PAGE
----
Alan John Percivale Taylor
Alan John Percivale Taylor
by Maggi Hambling
oil on canvas, 1988
21 in. x 17 in. (533 mm x 432 mm)
Sitterback to top
- Alan John Percivale Taylor (1906-1990), Historian and journalist. Sitter in 11 portraits.
This portraitback to top
A. J. P. Taylor was in failing health at the time of the portrait, but the artist was able to draw on memories of his compelling television presence, putting history across as though he were telling secrets.
Linked publicationsback to top
- Saywell, David; Simon, Jacob, Complete Illustrated Catalogue, 2004, p. 604
- Simon, Jacob, The Art of the Picture Frame: Artists, Patrons and the Framing of Portraits in Britain, 1997 (accompanying the exhibition at the National Portrait Gallery from 8 November 1996 - 9 February 1997), p. 191 Read entry
Silvered ramin(?), mitred, the water silvering on a black bole with extensive leaf overlap (leaf width 3 5⁄ 8 inches), treated with ammonium hydrosulphide and lacquered. Under reflected light a changing array of pink and green colours can be seen, a phenomenon caused by the reflection of light on the thin surface film. 2 1⁄ 8 inches wide.
This is a silvered frame which has been artificially tarnished, rubbed back and lacquered. The silvering is distinguished by the overlapping of the silver leaf and by a thin surface film giving an unusual range of changing colours under reflected light. The frame is the work of Nick Hawker who has been responsible for Maggi Hambling's framing since her Serpentine show in 1987.1 Much of her earlier work, including her portrait of Dorothy Hodgkin, commissioned by the National Portrait Gallery in 1985, was framed by Mattei Radev (he framed her Max Wall exhibition at the National Portrait Gallery in 1983).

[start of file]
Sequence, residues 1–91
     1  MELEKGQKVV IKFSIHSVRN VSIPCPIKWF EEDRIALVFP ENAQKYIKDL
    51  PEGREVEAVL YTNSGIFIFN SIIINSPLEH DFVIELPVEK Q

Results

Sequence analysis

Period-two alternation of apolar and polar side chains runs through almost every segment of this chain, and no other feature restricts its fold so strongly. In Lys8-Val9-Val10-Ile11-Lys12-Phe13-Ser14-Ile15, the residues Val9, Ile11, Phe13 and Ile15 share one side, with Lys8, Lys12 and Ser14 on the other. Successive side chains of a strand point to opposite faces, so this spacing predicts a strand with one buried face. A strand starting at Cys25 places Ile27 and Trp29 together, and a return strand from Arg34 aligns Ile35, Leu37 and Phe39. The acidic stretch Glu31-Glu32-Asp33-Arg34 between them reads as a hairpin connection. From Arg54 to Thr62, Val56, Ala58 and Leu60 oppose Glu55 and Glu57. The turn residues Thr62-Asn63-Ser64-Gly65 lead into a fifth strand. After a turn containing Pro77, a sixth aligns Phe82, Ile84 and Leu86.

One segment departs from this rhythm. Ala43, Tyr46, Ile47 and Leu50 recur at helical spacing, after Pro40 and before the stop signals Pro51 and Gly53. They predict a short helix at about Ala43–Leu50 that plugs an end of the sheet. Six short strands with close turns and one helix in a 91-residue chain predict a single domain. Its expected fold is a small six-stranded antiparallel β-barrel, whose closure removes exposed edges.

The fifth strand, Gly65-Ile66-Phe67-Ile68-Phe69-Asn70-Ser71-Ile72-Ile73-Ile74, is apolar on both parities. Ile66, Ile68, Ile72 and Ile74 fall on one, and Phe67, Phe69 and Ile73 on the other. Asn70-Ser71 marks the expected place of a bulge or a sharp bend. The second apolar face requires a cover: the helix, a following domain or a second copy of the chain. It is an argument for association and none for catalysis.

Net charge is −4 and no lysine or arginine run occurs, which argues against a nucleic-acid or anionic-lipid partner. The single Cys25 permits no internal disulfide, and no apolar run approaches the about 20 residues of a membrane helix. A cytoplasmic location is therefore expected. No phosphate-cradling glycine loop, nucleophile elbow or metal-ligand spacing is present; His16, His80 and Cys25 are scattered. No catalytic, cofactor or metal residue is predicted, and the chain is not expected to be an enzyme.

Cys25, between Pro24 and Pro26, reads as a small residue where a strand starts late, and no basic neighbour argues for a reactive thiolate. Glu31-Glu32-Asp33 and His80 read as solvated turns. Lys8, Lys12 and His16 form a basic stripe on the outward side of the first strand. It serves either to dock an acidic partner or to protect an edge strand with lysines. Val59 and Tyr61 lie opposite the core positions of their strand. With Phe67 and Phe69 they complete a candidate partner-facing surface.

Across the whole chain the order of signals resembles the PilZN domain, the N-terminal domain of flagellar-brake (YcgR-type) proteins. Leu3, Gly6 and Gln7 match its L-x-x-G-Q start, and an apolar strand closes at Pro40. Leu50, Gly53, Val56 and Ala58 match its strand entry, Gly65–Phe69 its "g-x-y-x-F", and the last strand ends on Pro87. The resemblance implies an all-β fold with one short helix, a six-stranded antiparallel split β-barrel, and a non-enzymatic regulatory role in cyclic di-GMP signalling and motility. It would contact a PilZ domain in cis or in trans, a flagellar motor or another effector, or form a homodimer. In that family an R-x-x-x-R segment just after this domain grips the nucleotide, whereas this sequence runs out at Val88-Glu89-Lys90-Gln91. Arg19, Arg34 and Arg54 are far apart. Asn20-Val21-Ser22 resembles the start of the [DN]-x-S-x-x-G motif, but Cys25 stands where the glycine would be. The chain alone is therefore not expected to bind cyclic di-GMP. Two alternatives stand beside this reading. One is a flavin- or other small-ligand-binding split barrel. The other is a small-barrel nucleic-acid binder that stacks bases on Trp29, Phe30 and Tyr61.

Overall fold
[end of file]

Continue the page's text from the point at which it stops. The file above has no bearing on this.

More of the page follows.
1 The suggestion that she should go to Hawker for the framing of her Serpentine show came from Alister Warman, then the Serpentine's Director. Information from the artist.
Subjects & Themesback to top
Events of 1988back to top
Current affairsA Pan Am jumbo jet is brought down by a bomb over Lockerbie in Scotland, killing 259 passengers and 11 people on the ground. The Dumfries and Galloway Constabulary launched Britain's largest criminal investigation before convicting a Libyan intelligence officer of planting the bomb.
Art and scienceProfessor Stephen Hawking publishes his popular book on cosmology, A Brief History Of Time.
Damien Hirst and his fellow Goldsmiths students organise the exhibition Freeze in a disused block in the Docklands. The exhibition launched the careers of many of the young British artists (YBAs) associated with Brit Art including Gary Hume, Michael Landy, Sarah Lucas, Angus Fairhurst, and Anya Gallaccio.
InternationalIraq drops poison gas on the Iraqi Kurdish city of Halabja, killing thousands of civilians. The city was held at the time by Iranian forces and Iraqi Kurdish rebels, although there was initially some debate over which side was responsible for the atrocity. It was the largest-scale chemical attack on civilians in modern times.
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